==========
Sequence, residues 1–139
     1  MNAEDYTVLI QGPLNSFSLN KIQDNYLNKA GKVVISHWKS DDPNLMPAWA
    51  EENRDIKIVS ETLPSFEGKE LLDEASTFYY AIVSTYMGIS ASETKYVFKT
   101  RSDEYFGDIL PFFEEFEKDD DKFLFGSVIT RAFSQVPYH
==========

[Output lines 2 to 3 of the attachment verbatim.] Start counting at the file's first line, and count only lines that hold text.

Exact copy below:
     1  MNAEDYTVLI QGPLNSFSLN KIQDNYLNKA GKVVISHWKS DDPNLMPAWA
    51  EENRDIKIVS ETLPSFEGKE LLDEASTFYY AIVSTYMGIS ASETKYVFKT